The consolidated measure also contains HB 304’s provision requiring employers to provide media workers assigned to dangerous areas with basic safety gear and equipment like bulletproof vests and helmets, first-aid kits, fire-protection jackets, medical-grade protective equipment, face masks, safety shoes and life vests.
The consolidated bill also includes an HB 304 provision granting overtime and night-differential pay to media workers in accordance with existing labor laws, as well as mandatory additional insurance benefits on top of those provided by the Social Security System (SSS), Government Service Insurance System (GSIS), Philippine Health Insurance Corp. (PhilHealth) and Home Development Mutual Fund (Pag-IBIG).
Villafuerte said that such extra insurance benefits comprise: 1) a death benefit of P200,000 for each media worker who shall perish in the line of duty; 2) a disability benefit of P200,000 for each media worker who shall suffer total or partial disability, whether permanent or temporary, arising from any injury sustained in the line of duty; and 3) reimbursement of actual medical expenses up to but not to exceed P100,000 for each media worker who shall be hospitalized or who shall require medical attendance for injuries sustained while in the line of duty.
It also aims to ensure the observance and implementation of the principles agreed upon in the International Labor Organization (ILO) Convention No. 190 on the elimination of violence and harassment against workers (2019), he said.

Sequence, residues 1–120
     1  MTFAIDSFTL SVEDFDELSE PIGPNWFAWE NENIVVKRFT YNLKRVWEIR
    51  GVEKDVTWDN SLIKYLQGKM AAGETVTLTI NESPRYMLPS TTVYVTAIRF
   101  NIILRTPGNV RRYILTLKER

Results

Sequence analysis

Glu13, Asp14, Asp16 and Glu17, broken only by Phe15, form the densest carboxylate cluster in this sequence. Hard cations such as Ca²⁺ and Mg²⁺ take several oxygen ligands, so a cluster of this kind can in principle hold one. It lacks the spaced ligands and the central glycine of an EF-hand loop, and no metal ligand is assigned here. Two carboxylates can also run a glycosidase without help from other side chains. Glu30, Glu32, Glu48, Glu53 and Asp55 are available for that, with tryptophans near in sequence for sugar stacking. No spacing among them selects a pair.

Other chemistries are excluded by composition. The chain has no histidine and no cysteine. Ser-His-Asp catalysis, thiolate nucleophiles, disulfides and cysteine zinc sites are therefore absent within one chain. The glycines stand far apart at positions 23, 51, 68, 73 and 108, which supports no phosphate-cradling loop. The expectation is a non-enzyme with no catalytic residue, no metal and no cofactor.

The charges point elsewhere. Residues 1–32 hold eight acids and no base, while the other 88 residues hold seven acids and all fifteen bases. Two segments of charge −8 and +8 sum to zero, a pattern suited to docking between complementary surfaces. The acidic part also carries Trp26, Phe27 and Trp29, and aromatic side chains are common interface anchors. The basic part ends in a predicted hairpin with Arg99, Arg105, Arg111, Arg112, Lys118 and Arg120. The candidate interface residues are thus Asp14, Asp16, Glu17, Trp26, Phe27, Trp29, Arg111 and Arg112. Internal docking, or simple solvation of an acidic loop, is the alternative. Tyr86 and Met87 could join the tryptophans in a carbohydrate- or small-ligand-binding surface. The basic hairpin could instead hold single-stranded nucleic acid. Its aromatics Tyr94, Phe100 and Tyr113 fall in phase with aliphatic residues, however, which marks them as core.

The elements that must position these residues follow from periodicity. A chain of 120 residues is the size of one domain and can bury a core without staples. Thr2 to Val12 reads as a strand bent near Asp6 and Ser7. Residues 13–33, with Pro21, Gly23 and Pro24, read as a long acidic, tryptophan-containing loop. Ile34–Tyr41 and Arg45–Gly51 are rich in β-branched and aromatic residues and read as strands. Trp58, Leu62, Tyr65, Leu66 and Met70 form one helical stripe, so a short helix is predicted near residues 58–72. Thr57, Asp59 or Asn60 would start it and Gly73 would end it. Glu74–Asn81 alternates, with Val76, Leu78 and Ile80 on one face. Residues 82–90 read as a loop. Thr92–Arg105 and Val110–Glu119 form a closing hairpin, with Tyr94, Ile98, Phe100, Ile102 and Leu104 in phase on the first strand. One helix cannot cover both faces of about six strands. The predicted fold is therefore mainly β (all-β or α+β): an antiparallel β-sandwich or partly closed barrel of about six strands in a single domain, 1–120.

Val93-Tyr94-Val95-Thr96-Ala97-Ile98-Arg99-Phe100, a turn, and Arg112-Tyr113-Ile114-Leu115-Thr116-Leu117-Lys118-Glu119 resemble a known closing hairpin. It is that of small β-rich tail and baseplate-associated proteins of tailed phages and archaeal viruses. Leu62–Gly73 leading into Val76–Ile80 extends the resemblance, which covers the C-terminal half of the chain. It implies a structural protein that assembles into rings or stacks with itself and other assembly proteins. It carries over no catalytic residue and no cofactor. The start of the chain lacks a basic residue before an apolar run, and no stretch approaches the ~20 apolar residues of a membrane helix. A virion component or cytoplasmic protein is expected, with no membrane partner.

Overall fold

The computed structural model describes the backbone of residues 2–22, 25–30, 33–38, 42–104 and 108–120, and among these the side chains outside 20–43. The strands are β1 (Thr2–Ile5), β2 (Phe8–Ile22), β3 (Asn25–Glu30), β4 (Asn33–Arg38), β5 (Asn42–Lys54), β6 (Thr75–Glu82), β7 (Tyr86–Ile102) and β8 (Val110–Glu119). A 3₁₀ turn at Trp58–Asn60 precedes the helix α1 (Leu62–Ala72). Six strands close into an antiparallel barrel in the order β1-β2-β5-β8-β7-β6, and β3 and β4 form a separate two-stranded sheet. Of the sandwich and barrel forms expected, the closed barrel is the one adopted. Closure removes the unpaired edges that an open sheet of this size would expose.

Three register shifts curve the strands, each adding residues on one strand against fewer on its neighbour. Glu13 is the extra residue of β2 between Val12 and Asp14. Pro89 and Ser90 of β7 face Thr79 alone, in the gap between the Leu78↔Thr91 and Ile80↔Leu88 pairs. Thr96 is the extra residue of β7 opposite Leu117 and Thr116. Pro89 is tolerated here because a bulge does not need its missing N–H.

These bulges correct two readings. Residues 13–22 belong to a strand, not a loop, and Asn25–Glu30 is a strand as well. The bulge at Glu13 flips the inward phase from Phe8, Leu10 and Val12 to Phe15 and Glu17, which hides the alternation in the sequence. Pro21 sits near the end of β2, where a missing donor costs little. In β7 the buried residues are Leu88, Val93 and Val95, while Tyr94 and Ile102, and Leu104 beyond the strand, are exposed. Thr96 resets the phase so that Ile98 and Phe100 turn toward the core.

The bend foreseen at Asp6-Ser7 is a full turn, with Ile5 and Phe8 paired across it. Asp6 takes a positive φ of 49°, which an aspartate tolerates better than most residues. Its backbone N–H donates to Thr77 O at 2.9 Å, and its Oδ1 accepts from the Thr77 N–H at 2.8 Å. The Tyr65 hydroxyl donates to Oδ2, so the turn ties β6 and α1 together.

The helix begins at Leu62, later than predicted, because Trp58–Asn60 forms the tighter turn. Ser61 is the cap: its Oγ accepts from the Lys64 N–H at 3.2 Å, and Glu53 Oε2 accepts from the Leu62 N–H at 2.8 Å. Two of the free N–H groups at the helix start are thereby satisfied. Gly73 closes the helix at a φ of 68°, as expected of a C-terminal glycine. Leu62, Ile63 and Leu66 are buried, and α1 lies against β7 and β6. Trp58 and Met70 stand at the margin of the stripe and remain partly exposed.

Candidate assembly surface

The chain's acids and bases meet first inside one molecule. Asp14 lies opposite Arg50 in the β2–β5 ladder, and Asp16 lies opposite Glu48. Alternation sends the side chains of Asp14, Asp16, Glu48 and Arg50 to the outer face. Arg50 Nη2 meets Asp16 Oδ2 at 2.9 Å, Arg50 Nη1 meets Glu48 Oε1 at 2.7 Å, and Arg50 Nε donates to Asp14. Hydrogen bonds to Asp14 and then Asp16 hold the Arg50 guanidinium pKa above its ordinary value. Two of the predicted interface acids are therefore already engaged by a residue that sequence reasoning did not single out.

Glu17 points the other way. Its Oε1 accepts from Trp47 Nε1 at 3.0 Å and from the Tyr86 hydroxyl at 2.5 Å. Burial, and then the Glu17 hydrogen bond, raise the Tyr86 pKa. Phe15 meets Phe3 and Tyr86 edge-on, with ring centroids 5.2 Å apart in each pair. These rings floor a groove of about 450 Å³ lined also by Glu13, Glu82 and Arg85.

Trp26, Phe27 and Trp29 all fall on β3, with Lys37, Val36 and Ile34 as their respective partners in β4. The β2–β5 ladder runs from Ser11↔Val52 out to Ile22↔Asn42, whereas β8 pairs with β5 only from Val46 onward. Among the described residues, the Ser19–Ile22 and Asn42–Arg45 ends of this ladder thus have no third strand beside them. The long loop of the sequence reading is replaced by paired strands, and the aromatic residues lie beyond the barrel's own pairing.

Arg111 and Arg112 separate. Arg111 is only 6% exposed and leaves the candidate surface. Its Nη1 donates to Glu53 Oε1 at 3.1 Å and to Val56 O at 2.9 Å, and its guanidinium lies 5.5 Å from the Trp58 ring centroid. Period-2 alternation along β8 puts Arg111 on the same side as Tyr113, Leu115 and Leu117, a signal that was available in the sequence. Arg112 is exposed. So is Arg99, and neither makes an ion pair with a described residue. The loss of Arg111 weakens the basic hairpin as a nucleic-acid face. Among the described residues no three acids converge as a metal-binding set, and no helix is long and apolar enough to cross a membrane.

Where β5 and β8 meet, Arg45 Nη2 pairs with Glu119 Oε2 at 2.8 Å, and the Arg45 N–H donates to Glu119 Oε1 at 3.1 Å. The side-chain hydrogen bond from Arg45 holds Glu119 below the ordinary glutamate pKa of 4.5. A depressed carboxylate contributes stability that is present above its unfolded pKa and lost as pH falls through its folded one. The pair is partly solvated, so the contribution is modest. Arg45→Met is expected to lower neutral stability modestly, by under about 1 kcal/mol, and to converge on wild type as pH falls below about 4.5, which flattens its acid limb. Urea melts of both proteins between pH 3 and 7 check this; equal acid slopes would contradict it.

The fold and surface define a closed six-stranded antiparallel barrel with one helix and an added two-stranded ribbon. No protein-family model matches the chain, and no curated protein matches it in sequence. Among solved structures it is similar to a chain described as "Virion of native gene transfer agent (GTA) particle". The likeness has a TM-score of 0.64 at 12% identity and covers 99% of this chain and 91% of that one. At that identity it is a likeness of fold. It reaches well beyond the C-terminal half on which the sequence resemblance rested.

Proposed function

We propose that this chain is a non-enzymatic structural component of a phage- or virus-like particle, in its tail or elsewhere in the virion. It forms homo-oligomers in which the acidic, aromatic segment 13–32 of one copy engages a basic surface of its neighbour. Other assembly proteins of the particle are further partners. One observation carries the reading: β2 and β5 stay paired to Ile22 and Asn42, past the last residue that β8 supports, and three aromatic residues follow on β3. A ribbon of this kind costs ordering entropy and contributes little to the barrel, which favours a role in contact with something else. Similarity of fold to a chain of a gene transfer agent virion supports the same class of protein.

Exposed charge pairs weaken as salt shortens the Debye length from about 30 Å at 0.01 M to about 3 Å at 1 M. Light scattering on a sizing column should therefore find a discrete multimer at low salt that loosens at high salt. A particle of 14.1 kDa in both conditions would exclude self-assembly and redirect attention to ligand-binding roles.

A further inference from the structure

Villafuerte said the bill provides that no worker shall be dismissed from one’s employment without just or authorized cause and without procedural due process.
It specifies that the computation of employment time shall be cumulative in cases where the media workers are repeatedly engaged for shorter periods by their respective employers as a means to avoid regularization.
Under the bill, any government fund obtained from taxpayer’s money intended to support the public information campaign of all government branches in the form of official advertisement placements, notices, and the like, shall be deemed as “Public Information Fund.”
Subject to existing laws, any media entity shall have equal opportunity and access to such fund through such measure or policy adopted by the government unit concerned specifically designed to ensure such equal access, Villafuerte said.
A media entity must show proof of full payment of all relevant local and national taxes, permits, fees and licenses and the like to be entitled to the provisions of this Act.
For transparency, all information surrounding such funds shall be made available to the public pursuant to the Freedom of Information (FOI) program as established under Executive Order (EO) No. 2, Series of 2016.
Villafuerte said that as the primary agency under Administrative Order No. 1 (Series of 2016) tasked to ensure the protection of the life, liberty and security of media workers, the DOLE is tasked in the approved bill to take charge of monitoring compliance by media organizations with this proposed law.
The DOLE, in consultation with media groups, associations, publishers, guilds and other concerned groups, is directed to promulgate the Implementing Rules and Regulations (IRR) of the proposed Act within six (6) months from its effectivity, he added.